Back Yard Science: Hello, Mama Bird (and lesson resources)

Updated: Now that I’ve seen the mother bird, I know this is actually a Northern Cardinal’s nest! See more posts about her at Back Yard Science.

Update: This is actually a cardinal’s nest!

Our back yard is a bastion of kid-friendly landscaping. By which I mean… it’s full of holes the kids have dug, the hedges are pruned for ideal hiding spots rather than beauty, and most of the grass has been killed by being covered with outdoor toys for long periods of time. (I know you are now wishing that you were our next door neighbor, because your yard would look AWESOME next to ours. Don’t worry, there’s a high fence to protect the neighbor’s sensibilities. And I fill in anything that looks potentially ankle breaking, usually over strenuous objections.)

I was doing a little maintenance on the hedge tunnel when I stood up and came face to face with this nest. Apparently it is unusual for them to be built so low to the ground, and also for the mother bird to be MIA. But I snapped this photo to show the kids and explain why the hedge tunnel is closed for now. (Insert object lesson from Jemima Puddleduck, who let her eggs go cold and so they didn’t hatch.) I snuck out this morning to see if she had returned, and was able to see her on her nest. She had her back turned, and was giving me a suspicious glare, even though I peered through the foliage from afar. I tried to get a photo for you, but she decided that this was all very dodgy behavior on my part and took off. (I’ll try again later.)

Carolina Wren Call:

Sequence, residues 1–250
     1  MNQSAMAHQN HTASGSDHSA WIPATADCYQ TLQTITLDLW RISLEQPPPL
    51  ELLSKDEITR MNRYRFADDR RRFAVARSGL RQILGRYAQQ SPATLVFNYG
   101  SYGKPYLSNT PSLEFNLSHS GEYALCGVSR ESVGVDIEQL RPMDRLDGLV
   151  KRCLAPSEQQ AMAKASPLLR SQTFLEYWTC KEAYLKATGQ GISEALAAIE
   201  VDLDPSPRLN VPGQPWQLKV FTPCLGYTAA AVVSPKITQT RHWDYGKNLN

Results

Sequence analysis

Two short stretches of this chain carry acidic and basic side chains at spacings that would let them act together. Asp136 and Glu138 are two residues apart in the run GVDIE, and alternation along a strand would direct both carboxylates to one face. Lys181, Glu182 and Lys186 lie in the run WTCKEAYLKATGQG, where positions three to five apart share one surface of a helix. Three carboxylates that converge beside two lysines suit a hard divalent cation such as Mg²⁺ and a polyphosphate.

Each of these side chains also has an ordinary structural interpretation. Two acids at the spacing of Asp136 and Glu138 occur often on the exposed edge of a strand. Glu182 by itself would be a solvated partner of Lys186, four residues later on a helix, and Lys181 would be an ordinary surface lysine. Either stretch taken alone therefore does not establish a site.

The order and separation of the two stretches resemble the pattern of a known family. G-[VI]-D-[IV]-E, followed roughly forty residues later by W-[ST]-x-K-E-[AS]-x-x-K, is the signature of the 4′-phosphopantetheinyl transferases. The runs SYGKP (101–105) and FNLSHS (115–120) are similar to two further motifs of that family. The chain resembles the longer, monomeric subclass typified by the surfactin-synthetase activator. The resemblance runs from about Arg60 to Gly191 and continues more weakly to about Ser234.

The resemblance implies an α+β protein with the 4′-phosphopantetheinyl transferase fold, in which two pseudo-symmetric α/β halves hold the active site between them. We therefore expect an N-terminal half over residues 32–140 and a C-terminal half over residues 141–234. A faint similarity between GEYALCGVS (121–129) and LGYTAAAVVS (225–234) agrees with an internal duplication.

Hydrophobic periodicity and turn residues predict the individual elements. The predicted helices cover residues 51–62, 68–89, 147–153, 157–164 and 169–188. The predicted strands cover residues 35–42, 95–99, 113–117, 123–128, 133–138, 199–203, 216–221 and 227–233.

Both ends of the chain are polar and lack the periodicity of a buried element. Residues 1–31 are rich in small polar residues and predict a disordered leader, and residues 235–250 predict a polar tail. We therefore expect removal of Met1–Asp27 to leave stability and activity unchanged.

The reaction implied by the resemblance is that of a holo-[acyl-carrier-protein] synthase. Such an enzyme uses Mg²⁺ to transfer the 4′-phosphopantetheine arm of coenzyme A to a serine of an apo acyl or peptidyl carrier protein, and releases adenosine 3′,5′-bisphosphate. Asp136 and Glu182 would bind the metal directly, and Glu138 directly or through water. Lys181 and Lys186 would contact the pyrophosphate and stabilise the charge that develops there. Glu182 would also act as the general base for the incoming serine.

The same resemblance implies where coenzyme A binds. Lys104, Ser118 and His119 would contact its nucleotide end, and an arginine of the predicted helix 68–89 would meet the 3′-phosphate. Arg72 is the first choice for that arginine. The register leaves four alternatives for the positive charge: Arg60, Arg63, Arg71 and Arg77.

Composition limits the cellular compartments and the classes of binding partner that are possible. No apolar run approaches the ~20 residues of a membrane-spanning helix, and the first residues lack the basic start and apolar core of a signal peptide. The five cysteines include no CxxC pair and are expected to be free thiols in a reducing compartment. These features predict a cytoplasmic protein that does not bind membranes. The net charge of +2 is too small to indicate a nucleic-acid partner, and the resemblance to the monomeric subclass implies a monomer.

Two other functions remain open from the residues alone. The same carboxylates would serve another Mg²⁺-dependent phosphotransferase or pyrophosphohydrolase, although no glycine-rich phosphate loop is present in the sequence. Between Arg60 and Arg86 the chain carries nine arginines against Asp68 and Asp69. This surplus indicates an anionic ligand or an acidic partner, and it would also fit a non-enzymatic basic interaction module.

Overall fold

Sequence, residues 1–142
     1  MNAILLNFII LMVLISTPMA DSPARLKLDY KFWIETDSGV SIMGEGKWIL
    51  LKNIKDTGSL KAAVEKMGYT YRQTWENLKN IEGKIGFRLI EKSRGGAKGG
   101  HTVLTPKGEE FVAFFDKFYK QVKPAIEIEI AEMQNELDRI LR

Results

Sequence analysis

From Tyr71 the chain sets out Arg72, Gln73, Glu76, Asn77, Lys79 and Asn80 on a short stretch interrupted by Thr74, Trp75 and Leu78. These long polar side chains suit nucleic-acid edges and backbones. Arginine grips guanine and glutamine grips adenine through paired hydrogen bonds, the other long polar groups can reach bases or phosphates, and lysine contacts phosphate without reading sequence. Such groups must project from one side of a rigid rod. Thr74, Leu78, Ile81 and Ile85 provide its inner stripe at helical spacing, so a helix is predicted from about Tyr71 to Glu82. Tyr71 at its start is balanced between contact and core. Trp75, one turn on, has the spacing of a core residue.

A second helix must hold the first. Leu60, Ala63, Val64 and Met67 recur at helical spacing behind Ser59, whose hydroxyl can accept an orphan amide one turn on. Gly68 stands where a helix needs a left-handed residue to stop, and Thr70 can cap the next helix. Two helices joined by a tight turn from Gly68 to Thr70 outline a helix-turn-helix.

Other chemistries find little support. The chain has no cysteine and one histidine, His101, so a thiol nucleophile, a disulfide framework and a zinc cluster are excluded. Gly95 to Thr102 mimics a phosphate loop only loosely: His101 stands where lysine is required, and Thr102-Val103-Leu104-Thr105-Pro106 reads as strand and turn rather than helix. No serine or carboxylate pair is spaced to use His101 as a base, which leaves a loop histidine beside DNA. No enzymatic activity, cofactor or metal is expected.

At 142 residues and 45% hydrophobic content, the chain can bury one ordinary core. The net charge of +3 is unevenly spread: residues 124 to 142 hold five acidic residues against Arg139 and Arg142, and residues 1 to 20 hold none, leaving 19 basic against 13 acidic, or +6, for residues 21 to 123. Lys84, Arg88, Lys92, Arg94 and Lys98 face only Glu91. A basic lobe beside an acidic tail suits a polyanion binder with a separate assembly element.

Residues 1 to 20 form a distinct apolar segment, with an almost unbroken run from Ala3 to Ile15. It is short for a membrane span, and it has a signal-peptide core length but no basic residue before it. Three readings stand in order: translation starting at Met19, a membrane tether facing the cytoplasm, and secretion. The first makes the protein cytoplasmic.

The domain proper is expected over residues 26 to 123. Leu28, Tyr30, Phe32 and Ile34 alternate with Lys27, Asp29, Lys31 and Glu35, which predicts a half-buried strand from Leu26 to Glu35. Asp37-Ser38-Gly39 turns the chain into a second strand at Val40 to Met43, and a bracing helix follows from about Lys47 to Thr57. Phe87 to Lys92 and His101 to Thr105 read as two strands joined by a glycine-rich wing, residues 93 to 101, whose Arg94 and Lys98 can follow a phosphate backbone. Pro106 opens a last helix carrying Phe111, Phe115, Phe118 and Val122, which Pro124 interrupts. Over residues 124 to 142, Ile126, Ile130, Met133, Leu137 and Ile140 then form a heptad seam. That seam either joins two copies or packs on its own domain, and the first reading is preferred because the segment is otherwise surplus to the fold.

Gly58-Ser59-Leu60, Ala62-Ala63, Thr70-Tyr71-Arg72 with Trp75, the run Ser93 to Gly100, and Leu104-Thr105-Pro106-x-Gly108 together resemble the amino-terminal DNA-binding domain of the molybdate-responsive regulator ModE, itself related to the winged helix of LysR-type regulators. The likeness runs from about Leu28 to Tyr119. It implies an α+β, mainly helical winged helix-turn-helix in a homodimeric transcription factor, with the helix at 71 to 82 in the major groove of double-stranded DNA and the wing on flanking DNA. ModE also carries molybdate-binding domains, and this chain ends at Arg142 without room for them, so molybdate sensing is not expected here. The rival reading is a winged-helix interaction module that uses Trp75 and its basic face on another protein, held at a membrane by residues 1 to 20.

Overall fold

Carolina Wrens divide the parenting workload. Dad builds the nest, Mom incubates the eggs, and they both feed the babies until they fledge. They may have two or three broods a year! The eggs take 12-16 days to hatch. We will be following the progress of this family with the dudes! Hopefully, they’ll agree that this opportunity makes up for the temporary closure of the hedge tunnel!

If you are trying to identify the birds you spot in your yard, visit What Bird with your kids. Have fun!

Bird lesson resources:

About Meghan G

I like blues, punk, and crime drama. I love having boys, keeping active, and the outdoors. I'm a cat person, but I think dogs should have equal opportunities.

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4 Comments on “Back Yard Science: Hello, Mama Bird (and lesson resources)”

  1. This might actually be a cardinal nest! I haven’t been able to get a very good look at the mother bird on the eggs, but there is a pair of cardinals popping in and out nearby, so I’m starting to think I may have made a bad call on what kind of bird this belongs to. I’ll keep you posted!

  2. I have confirmed that this is indeed the nest of a pair of Northern Cardinals! I have a post with more details that will go live in the morning! I look forward to sharing it with you all.

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